Because we’ve been a tiny bit bored of endlessly scrolling through our Twitter feeds for updates on the Mayoral contest, we thought we’d get artsy about analysing the two main contenders’ speeches to their party conferences last autumn. The result: word banks. Obviously.
Here are the words most used by Zac Goldsmith at his Conservative Conference 2015 speech
And here are the words most used by Sadiq Khan at his Labour Conference 2015 speech
Here are 7 things we have learned by looking at these word banks:
1. London vs. Londoners
Somewhat predictably, Zac’s most referenced word was London. But it’s interesting that in Sadiq’s speech, ‘Londoners’ is almost as predominant. And while Zac’s campaign slogan is the punny “standing up for a Greater London”, Sadiq’s references his bid to be the People’s Mayor – ‘A Mayor for all Londoners’.
2. What’s your party again?
Given Sadiq’s careful avoidance of mentioning Jeremy Corbyn, internal differences in Labour policy, or in fact anything apart from his own campaign in interviews, it’s not surprising that Zac’s speech mentions ‘party’ much more often than Sadiq’s.
3. “Please sir, I want some more”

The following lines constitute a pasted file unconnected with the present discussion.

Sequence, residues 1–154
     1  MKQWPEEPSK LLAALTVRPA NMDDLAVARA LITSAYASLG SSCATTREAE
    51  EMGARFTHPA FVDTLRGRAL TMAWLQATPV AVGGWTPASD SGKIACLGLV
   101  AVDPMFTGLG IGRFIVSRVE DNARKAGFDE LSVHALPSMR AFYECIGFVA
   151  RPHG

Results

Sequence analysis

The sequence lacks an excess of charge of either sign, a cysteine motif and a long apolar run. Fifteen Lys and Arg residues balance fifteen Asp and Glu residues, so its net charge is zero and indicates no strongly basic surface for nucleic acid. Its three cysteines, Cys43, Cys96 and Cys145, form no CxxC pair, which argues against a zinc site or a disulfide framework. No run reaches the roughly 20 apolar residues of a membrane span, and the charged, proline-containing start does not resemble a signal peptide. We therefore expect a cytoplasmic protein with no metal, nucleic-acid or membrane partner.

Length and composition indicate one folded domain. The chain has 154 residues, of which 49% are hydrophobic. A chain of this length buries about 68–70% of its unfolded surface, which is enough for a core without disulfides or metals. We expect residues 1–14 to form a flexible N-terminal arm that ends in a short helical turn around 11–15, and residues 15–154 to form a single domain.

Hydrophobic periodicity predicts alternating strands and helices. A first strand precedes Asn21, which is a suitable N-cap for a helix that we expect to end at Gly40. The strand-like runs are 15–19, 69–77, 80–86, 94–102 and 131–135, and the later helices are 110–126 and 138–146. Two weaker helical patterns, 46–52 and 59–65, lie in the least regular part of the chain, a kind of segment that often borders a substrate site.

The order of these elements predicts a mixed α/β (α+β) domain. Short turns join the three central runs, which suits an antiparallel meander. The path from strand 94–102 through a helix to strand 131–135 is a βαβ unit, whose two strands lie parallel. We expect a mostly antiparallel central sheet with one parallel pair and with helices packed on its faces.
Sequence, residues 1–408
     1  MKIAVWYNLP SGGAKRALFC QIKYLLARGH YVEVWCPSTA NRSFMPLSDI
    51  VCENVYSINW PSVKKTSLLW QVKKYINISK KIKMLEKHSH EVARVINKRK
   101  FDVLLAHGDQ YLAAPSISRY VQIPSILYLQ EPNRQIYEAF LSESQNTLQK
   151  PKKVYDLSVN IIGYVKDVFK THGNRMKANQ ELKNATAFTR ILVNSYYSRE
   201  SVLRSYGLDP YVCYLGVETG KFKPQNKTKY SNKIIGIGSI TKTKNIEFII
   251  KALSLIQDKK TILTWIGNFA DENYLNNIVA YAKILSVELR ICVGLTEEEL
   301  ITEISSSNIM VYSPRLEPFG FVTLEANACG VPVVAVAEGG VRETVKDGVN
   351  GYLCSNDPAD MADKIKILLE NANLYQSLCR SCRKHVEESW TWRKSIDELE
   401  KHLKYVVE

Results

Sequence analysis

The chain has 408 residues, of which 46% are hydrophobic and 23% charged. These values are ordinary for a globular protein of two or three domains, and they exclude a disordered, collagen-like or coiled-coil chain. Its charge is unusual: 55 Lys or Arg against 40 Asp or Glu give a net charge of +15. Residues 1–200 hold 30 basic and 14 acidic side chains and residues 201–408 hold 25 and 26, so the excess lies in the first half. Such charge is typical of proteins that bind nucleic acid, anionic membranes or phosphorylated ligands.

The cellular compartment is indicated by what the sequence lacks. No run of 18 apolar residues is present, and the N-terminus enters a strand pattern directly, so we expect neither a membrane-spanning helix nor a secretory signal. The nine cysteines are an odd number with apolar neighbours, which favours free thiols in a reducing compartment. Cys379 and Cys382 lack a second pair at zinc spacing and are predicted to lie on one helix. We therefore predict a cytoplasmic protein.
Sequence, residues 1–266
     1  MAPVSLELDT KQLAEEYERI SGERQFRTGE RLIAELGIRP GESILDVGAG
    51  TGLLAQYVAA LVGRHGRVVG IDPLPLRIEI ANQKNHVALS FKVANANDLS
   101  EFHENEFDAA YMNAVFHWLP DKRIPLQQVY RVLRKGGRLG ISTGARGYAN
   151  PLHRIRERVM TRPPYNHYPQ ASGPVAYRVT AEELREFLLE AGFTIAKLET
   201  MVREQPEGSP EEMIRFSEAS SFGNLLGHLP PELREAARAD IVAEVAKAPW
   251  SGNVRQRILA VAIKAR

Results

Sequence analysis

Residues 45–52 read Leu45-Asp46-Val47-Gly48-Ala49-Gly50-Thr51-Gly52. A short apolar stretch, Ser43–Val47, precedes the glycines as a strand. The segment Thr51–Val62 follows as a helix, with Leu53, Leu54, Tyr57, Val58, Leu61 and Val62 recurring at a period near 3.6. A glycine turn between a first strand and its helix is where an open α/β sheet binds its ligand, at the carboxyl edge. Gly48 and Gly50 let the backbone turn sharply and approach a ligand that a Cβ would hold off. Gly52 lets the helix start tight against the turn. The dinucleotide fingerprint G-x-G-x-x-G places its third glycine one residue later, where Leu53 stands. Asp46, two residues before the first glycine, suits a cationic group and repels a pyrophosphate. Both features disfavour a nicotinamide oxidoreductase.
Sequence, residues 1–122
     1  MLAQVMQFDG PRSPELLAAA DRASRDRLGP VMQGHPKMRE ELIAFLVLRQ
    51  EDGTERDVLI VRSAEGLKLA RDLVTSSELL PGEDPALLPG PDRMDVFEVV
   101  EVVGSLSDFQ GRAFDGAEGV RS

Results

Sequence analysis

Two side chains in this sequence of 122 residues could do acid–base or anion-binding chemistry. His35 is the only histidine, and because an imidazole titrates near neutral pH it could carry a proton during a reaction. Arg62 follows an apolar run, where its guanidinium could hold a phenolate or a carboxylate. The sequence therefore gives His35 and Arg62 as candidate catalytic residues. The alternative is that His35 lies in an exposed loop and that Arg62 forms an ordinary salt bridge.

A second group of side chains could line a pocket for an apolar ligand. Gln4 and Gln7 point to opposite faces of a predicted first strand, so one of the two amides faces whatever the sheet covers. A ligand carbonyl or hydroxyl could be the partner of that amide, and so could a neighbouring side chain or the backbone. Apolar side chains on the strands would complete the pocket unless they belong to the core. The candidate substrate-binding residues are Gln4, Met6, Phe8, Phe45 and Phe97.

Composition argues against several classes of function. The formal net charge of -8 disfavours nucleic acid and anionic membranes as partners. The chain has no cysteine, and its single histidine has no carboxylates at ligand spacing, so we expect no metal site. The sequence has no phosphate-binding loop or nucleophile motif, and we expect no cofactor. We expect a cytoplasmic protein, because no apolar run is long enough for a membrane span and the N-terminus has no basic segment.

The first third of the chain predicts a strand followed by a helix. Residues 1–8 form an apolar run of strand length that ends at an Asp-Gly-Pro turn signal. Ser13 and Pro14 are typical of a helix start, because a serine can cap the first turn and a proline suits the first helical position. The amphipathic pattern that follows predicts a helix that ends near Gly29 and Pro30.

Both speeches tell us in no uncertain terms that what London needs is ‘more’ – likely more homes, as ‘home(s)’ and ‘housing’ occupy the top spots in both.
4. London, where?
There is one high-profile word in Zac’s speech that Sadiq does not use – capital. And while Zac uses this word in his speech only to refer to London as the capital city, not ‘capital’ as such, it looks like Sadiq doesn’t attribute much importance to the fact that he is running for Mayor of the UK’s capital city.
5. Green creds
But Zac also reaffirms his green credentials – he was previously the Editor of The Ecologist – by using the word ‘green’, which does not show up on Sadiq’s diagram; and his support for direct democracy by using the words ‘local’ and ‘communities’, which are oddly absent from Sadiq’s diagram as well.
6. What did Zac Goldsmith’s dad do?
While Sadiq uses the words ‘dad’ and ‘bus’ undoubtedly to refer to his media-friendly family backstory (just to clarify – his dad was a bus driver), Zac’s choice of words is not particularly informed by his personal background.
7. Raise your hand if you want affordable housing
Reflecting one of Labour’s key lines of attack on Tory housing policy, Sadiq uses the word ‘affordable’ more often than Zac. (To illustrate this socialist credential, we have made Sadiq’s background bright red. You’re welcome.)